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Assess the ontological argument

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Introduction

Assess the Ontological Argument Ontological arguments for God's existence are said to be deductive i.e. if we accept the premise, then the conclusion follows as a necessary truth (cannot be denied without contradiction). Ontological arguments are also founded upon purely a priori knowledge of God, as opposed to the four other types of argument which all use inductive reasoning and a posteriori knowledge. Ontological arguments are therefore favoured by rationalist theologians e.g. Rene Descartes (1596-1650) rather than more empiricist philosophers such as Thomas Aquinas, (1225-1274) whose arguments are all based on a posteriori knowledge and use inductive reasoning. St. Anselm (1033-1109) put forward the first ontological argument in his book Proslogian, but it was only later named the ontological argument by Emmanuel Kant (1724-1804). This first version is as follows: P1. God exists in the understanding as "that than which nothing greater can be conceived." ...read more.

Middle

even more beautiful women in bikinis) and so it's existence is contingent i.e. possible to deny without contradiction. "God cannot be conceived not to exist...That which can be conceived not to exist is not God." - Proslogian, Ch 3. Ren´┐Ż Descartes (1596-1650) also constructed an ontological argument similar to Anselm's: P1. God is the supremely perfect being. P2. A supremely perfect being contains all supreme perfections. P3. Existence is a supreme perfection. C. Therefore God exists. As with Anselm, Descartes believed that existence was a necessary predicate of God. "From the fact that I cannot conceive of God without existence, it follows that existence is inseparable from him..." Kant however disagreed with the logic of the ontological argument. He believed that even if we accept the statement "God exists" as an analytic one, we can still deny the existence of both the subject and the predicate together, even if we cannot separate one another. ...read more.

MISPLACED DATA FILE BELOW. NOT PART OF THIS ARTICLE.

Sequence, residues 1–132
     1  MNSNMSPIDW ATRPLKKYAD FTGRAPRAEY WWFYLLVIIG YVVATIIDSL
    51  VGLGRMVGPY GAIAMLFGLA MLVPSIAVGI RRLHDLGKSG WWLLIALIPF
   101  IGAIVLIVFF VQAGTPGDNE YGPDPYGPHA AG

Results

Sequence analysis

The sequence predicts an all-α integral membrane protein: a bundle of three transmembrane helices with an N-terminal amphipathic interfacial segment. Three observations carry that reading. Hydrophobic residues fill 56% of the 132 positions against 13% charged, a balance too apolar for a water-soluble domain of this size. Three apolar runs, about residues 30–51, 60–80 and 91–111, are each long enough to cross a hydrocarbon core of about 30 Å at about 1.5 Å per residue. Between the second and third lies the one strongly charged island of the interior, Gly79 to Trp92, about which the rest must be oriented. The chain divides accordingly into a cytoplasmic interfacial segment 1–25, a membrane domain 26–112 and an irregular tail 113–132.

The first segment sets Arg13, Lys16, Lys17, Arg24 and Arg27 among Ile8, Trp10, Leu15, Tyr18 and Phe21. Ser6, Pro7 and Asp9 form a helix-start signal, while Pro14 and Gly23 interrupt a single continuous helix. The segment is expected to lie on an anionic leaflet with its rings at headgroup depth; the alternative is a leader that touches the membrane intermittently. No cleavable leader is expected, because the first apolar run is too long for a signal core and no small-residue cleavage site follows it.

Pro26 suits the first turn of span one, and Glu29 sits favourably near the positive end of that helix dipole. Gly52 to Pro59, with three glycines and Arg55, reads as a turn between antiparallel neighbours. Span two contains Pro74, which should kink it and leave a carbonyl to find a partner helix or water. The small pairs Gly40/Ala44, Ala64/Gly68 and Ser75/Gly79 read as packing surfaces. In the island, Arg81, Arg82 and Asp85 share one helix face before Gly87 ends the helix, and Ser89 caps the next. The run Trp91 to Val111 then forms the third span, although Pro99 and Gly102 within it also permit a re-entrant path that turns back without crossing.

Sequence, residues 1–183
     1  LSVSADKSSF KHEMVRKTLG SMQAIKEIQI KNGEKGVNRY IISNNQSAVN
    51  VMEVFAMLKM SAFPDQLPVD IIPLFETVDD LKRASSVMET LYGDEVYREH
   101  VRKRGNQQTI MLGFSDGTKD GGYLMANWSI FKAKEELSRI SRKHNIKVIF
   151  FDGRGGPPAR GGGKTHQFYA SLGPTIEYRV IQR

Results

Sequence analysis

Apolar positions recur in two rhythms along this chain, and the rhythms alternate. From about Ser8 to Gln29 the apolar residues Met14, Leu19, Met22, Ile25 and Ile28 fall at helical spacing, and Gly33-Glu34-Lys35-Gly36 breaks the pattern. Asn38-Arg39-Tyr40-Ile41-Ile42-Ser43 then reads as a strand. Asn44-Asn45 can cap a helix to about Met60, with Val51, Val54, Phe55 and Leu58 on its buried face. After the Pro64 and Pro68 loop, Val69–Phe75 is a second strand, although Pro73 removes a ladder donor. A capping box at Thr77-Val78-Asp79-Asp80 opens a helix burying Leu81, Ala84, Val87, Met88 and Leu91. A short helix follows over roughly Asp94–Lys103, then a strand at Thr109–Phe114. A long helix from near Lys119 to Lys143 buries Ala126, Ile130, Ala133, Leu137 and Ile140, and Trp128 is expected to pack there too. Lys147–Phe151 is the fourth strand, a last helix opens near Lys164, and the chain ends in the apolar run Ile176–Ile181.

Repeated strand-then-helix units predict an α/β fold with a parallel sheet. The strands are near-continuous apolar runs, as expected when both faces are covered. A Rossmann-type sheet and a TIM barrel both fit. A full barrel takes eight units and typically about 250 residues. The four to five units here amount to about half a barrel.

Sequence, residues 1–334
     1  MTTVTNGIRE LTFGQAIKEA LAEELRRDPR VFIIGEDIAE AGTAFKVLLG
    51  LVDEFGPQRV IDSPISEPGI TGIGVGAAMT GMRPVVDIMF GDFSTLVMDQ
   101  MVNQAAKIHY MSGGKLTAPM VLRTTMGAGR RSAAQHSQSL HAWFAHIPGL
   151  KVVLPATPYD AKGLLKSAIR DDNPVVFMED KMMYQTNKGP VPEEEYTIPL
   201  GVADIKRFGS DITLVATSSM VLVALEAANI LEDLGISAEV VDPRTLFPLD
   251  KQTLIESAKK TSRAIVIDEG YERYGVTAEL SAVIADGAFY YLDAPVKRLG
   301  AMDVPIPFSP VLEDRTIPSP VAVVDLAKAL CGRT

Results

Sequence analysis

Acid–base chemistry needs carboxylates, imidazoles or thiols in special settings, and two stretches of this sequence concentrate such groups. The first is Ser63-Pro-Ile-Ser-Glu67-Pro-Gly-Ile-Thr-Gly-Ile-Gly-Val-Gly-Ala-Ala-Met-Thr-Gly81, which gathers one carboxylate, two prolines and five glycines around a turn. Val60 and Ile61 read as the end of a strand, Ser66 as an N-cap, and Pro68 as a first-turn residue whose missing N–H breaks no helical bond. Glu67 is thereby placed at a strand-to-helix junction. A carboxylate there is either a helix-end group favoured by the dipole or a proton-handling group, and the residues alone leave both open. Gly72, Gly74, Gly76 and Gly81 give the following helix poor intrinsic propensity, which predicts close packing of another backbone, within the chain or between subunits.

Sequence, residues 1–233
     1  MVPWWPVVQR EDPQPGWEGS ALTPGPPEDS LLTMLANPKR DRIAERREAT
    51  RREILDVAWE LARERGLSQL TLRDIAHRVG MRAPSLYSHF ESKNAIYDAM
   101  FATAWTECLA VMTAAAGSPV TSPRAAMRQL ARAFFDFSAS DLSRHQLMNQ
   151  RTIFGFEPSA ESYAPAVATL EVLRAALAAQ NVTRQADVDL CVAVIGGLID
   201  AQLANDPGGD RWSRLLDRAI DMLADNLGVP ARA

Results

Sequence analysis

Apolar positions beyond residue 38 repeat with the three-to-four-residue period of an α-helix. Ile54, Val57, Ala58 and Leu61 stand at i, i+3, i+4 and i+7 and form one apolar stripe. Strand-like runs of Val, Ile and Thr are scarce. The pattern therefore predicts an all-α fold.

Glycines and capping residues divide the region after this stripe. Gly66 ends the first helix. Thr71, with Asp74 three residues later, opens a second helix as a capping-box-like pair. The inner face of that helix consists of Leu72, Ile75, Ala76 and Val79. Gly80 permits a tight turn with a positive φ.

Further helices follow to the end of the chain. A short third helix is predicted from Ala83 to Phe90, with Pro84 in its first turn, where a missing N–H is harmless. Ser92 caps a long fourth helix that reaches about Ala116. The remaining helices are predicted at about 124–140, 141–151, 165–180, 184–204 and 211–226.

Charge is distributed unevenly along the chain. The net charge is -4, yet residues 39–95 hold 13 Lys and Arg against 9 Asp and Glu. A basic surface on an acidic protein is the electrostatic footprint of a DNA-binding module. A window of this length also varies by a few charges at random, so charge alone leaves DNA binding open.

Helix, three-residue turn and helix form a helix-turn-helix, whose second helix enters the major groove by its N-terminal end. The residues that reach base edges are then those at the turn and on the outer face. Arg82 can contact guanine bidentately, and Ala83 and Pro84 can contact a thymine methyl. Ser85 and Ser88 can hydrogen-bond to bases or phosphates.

Conclusion

In conclusion, despite the deductive nature of Anselm and Descartes' ontological arguments, (although this is itself questionable) it seems unlikely that an atheist will ever be convinced by the logic (no matter how clever) of simply defining something into existence. On the other hand, Karl Barth (1886-1968) claimed that Anselm was not actually trying to prove God's existence, but rather was attempting to explore His nature. "I do not seek to understand so that I may believe, but believe in order to understand." - Anselm, Proslogian 1. To the theist, this would seem extremely important, for since God is unlike anything else (in that His existence and His essence are one) it would appear that He cannot be known a posteriori. Thus, the a priori ontological argument could be the only way in which to have any real understanding of God. After taking this into account, it seems that Anselm's use of philosophical analysis to try and understand God, but not to try and prove Him, places faith somewhere between reason and opinion, just as Aquinas once claimed. ...read more.

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